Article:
Casino told WTOC that he used the biggest game of the year - to call out the chief - and in his words - clear his murdered brother's name once and for all. His commercial has people talking.
"I'm attorney Jamie Casino, and I don't represent villains anymore," he said in the ad.
"My intention was simple to vindicate my brother and my parents - one and done - and let people know in Savannah that there are some people who won't keep their mouth shut. Some people who will take their message all the way to the Super Bowl, and I think I pulled that off," Casino said.
The commercial tells the Casino family's story through their eyes. The personal injury attorney said his motivation for the commercial started with this interview with then Lovett after the slayings his brother, Michael Biancasino and Emily Pickles in 2012.
Lovett's was heard in the video saying that there were no innocent people as far as we know about the double shooting.
The chief later issued a clarification, but the wheels were set in motion for the Super Bowl ad.
Friend and colleague James Byrne, a Savannah defense attorney, understood the message, but not so much the delivery.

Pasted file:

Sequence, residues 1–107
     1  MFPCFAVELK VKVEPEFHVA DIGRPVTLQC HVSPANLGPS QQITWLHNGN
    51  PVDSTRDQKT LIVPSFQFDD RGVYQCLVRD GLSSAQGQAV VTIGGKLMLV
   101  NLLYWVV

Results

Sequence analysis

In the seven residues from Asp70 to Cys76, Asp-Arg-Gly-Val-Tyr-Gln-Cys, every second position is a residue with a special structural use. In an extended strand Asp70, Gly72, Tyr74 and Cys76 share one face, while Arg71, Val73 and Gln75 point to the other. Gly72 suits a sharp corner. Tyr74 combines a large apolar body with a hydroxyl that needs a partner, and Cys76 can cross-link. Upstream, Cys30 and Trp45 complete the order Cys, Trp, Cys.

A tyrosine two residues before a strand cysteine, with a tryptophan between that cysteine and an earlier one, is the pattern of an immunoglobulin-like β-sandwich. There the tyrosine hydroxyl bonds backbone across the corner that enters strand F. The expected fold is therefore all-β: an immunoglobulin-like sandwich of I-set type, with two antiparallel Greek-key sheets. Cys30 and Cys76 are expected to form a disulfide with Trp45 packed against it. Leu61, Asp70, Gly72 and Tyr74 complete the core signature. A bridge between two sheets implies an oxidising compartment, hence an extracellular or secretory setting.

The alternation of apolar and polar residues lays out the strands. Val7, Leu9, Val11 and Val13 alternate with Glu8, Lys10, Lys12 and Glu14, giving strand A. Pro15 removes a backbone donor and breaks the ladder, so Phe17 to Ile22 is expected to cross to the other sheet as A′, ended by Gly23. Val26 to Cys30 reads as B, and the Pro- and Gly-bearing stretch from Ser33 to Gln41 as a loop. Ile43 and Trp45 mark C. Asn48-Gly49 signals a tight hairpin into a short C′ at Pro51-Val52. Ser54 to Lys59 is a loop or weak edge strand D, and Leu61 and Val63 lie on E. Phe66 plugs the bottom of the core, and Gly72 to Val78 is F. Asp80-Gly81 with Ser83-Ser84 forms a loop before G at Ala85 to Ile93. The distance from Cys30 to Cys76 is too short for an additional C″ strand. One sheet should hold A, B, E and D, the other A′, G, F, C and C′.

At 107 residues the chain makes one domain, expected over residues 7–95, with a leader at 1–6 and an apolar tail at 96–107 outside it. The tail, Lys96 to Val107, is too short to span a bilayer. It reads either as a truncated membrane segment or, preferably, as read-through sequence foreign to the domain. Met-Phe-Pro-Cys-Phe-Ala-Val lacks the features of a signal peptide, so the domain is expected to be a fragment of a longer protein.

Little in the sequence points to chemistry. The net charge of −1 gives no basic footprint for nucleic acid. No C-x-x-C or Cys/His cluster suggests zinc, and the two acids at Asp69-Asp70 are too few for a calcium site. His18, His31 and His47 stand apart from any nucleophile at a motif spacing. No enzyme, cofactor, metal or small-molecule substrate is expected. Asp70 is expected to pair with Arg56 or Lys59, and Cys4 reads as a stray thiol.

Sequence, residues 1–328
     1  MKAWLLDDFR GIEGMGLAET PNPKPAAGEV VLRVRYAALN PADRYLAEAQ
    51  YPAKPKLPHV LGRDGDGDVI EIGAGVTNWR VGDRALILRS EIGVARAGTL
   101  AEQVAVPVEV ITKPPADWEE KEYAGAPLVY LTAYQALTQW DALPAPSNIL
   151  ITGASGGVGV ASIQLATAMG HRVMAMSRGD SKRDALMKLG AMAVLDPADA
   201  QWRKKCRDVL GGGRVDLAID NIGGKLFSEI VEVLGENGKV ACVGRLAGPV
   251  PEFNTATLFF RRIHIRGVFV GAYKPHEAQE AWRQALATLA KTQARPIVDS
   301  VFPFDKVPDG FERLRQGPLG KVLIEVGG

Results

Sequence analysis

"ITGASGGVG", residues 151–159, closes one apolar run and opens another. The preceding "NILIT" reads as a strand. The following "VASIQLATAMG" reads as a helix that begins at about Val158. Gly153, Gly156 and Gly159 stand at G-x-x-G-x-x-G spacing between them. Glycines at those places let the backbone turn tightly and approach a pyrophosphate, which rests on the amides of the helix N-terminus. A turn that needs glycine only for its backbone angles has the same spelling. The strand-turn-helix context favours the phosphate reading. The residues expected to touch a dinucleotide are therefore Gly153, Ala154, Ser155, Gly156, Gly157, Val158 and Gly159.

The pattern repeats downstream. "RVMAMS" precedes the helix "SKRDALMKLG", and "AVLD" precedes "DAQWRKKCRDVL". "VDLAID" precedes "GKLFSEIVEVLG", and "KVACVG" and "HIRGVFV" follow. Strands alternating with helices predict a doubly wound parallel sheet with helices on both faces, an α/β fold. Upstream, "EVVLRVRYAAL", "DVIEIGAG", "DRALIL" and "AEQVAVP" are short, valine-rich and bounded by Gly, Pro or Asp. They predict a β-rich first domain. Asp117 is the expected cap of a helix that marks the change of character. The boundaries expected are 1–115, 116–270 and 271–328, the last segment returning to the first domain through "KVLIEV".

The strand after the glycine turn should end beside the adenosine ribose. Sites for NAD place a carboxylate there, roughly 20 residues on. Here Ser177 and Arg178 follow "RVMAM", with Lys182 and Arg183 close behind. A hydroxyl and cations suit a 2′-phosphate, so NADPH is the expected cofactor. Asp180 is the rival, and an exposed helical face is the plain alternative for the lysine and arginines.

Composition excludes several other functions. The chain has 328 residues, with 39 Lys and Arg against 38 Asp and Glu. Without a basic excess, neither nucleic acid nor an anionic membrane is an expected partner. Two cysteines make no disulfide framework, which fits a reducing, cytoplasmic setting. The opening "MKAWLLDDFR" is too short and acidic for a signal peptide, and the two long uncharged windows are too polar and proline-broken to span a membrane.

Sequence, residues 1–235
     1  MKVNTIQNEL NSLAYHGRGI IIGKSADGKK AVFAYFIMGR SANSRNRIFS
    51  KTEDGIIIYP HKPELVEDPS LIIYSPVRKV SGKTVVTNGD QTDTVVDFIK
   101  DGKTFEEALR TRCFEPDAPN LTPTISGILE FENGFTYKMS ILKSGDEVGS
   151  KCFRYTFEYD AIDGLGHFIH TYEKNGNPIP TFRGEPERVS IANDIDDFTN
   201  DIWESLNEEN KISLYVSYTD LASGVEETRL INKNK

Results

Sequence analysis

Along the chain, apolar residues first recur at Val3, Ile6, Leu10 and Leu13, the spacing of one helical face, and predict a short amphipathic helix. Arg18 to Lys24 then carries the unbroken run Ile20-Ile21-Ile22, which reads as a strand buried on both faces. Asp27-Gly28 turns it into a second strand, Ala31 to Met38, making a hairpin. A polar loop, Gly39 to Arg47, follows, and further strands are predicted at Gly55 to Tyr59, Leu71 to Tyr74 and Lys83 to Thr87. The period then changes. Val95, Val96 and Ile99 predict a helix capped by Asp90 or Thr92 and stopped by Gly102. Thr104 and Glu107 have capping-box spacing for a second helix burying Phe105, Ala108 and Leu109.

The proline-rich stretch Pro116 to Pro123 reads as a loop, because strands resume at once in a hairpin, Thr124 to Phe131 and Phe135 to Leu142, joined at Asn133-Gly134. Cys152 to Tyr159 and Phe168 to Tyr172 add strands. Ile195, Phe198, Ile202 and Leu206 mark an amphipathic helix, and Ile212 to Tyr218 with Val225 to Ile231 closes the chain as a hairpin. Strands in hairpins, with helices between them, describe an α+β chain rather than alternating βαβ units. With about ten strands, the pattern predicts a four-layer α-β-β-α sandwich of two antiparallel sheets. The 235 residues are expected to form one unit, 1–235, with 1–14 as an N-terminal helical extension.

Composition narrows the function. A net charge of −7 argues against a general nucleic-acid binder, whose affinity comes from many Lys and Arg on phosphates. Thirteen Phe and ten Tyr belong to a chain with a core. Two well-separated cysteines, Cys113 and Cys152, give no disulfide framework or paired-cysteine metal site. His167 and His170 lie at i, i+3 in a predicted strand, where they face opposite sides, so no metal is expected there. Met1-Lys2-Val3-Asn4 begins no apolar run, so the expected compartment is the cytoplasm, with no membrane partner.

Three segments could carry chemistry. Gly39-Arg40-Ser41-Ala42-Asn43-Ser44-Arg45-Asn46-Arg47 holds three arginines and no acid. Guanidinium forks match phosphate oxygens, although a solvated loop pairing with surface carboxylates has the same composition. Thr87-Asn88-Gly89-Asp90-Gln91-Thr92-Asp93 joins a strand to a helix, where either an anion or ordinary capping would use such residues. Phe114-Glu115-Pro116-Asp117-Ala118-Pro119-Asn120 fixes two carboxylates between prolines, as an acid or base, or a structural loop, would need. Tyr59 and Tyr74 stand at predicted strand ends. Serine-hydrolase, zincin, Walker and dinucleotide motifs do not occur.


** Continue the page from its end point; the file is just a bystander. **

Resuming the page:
"I don't think there was any doubt his brother was innocent but I don't think you need to take shots at other members of your profession. That's what it seemed to me he was doing," Byrne said.
"He's got a sad story to tell on many levels but but that might not have been the best forum. But as Forrest Gump would say, 'That's all I got to say about that,'" said Savannah defense attorney Doug Andrews.
But while only viewers in Georgia and South Carolina saw the two-minute spot. It has since gone nationwide. Webites and media outlets are linking to it, commenting on it. The reviews are mixed.
One fellow Savannah lawyer called it a disgrace.
"Whether it's a disgrace or not - I'll leave that to others to view. I'll say he has a good heart. He's a good guy and he means what he says," Byrne said.
WTOC asked Lovett's attorney about the Casino Law Firm commercial, but they had no comment.
Armstrong Atlantic State University professor Dr. Jack Simmons who teaches ethics, told WTOC that he didn't see anything wrong with it ethically.
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GM has set a big goal: fixing 100 percent of its recalled vehicles, by fall. You know I have been discussing the automaker's massive recalls over the past few months; and correcting the problem is goingMore >
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